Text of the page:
5 Mistakes to Avoid When Making French Toast

updated May 1, 2019
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Partial view of French toast on a plate, one piece speared by a fork

If a morning starts with French toast, you know it’s going to be a good day. The best is browned and crispy on the outside while incredibly custardy and rich on the inside. Really good French toast can seriously make you reconsider ever making pancakes and waffles again. So what are the secrets to achieving greatness? Here are five key things to watch out for.

1. Not choosing the right bread.

The heart and soul of French toast really is the bread — use something sub-par and the final result is going to be sub-par. The best bread is spongy and sturdy so that it will be able to soak up the custard without completely falling apart. Avoid thin white sandwich bread and a hefty rustic loaf (often with holes scattered throughout) for this reason. Instead go for something like challah or brioche and cut it into one-inch-thick slices.

Follow this tip: Reach for a spongy, sturdy loaf of bread like challah or brioche and cut it into one-inch-thick slices.

2. Using anything less than whole milk.

A creamy custard is the key to incredible French toast, so skip the watery skim milk and go for whole milk or half-and-half. Straight heavy cream turns French toast into dessert, so lean that way if you’re looking for decadence.

Follow this tip: Skip the skim milk and go for whole or half-and-half when making the custard.

Apple Pie Stuffed French Toast (Image credit: Lauren Volo)

3. Not whisking the custard enough.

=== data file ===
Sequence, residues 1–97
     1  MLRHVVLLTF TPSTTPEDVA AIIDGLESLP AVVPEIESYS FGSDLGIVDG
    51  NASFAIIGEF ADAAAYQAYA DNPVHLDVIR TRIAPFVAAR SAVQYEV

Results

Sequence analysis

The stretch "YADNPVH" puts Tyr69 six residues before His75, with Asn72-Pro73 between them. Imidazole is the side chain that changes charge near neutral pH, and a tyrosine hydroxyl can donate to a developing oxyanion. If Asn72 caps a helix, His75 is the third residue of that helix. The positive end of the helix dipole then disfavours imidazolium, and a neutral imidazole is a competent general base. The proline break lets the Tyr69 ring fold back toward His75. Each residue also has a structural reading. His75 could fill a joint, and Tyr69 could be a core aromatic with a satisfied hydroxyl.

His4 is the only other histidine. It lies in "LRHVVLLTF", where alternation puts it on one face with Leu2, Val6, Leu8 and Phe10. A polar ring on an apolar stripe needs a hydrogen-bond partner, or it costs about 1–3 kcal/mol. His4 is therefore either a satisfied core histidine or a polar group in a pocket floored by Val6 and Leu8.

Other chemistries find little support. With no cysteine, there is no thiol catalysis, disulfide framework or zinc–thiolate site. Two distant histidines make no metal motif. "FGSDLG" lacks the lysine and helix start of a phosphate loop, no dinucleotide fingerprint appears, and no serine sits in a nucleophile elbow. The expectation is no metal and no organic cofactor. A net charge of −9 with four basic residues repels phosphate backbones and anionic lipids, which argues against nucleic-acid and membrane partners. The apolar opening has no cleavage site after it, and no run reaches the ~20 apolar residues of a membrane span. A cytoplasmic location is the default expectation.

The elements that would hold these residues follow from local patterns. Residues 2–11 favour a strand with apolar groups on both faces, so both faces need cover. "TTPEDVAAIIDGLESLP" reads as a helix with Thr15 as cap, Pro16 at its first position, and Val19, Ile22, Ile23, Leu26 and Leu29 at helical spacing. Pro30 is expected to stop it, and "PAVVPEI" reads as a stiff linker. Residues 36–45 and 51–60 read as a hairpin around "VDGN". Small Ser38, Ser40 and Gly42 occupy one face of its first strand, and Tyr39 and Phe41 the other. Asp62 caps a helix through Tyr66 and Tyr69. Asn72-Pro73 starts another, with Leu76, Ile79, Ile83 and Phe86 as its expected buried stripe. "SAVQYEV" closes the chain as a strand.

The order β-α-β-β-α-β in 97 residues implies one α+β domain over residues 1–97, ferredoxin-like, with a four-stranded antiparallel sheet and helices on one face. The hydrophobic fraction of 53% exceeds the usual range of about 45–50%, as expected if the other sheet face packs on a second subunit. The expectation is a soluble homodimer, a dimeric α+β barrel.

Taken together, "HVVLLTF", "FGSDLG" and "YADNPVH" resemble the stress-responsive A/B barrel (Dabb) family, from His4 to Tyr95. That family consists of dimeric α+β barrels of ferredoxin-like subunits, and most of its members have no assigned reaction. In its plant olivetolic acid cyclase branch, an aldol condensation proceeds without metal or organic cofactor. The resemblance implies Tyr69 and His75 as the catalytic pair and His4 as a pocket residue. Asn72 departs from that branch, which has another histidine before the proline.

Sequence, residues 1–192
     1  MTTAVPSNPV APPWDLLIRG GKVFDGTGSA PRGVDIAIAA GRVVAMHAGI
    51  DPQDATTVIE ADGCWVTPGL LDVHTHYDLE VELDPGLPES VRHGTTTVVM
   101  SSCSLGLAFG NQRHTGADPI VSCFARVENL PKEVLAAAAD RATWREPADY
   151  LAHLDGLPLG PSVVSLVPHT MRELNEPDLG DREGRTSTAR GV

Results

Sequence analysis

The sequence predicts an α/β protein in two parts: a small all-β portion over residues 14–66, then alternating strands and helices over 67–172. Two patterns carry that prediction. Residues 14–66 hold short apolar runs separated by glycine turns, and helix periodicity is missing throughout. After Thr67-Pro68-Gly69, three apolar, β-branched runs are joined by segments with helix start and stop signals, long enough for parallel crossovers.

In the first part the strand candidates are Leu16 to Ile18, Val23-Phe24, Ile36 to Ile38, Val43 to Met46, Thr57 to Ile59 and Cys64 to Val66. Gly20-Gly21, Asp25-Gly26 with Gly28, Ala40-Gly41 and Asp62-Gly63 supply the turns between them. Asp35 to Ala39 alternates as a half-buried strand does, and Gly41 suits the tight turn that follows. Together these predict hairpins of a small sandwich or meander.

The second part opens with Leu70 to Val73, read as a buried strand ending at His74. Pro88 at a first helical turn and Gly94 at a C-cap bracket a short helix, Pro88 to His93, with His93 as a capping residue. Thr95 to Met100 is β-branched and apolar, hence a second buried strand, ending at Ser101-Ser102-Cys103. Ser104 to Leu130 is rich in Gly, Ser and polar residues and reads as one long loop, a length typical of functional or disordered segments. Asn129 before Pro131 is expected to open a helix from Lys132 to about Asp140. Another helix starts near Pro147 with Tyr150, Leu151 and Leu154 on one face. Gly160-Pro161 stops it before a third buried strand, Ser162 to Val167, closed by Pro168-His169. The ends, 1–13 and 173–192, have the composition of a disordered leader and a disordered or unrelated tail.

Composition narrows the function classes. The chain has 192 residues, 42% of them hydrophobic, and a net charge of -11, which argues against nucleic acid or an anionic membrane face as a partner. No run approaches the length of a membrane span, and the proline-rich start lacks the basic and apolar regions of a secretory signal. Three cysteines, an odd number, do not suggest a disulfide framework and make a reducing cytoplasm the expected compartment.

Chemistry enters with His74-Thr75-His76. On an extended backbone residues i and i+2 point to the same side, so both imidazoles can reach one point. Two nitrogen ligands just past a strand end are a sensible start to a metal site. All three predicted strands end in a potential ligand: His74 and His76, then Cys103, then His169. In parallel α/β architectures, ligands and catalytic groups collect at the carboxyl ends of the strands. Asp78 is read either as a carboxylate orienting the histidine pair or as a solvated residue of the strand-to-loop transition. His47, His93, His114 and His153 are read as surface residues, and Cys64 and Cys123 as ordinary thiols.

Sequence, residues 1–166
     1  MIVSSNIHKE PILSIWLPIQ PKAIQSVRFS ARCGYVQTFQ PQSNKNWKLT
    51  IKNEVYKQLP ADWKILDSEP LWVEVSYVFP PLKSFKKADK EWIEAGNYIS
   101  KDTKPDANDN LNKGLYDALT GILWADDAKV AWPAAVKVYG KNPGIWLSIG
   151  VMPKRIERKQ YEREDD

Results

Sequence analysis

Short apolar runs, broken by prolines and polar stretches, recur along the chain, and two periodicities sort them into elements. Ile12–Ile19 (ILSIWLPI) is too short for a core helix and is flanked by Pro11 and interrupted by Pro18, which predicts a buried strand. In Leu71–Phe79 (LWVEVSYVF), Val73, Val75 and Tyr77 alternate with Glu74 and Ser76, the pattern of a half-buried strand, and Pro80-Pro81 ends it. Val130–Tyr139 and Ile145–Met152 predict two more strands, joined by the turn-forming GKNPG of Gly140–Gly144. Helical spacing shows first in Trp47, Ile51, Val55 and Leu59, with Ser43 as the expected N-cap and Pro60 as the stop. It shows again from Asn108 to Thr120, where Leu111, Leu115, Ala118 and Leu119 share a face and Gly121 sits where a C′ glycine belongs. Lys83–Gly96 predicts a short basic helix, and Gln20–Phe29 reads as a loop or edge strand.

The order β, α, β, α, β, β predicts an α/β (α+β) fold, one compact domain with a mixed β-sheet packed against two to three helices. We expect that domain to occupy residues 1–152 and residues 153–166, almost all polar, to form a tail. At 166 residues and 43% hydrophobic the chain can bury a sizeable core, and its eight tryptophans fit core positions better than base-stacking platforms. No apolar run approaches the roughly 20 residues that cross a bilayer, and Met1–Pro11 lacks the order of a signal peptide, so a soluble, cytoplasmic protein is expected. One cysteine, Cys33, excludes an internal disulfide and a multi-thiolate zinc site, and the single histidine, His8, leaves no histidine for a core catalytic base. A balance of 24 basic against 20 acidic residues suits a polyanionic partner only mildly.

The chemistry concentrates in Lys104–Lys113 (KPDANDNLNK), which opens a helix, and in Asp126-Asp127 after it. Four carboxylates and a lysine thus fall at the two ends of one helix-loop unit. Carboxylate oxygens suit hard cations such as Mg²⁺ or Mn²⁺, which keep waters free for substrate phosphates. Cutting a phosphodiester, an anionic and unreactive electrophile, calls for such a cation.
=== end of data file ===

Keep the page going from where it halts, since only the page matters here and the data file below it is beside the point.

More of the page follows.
Little bits of cooked egg white clinging to the finished product isn’t ideal, so be sure you whisk your eggs with your dairy, sugar, and any spices you’re using, thoroughly so the custard is evenly combined.

Follow this tip: Whisk the eggs, dairy, sugar, and spices well to combine everything, leaving you with a smooth custard that’s uniformly mixed.

4. Not soaking the bread long enough.

If you’re using good, spongy bread, it can take a nice, long soak in the custard rather than a quick dip. A good soak is the key to a soft, custardy center — you want that egg and milk mixture to seep into every nook and cranny of the bread.

Follow this tip: Let the thick bread slices soak in the custard for a good five to 10 minutes before cooking them.

5. Cooking the French toast at too high of a heat.

Yes, you want to get a nice golden crust on the French toast, but you don’t want that too happen too quickly, otherwise the inside won’t be finished cooking and the outside will begin to burn while it does. Aim for medium-low heat so that the inside can cook and the outside will still get golden-brown and nicely caramelized.

Follow this tip: Heat your griddle or frying pan to medium-low before cooking the French toast so it’s perfectly cooked on both the outside and inside. Don’t hesitate to swipe the pan clean before adding the next batch of bread.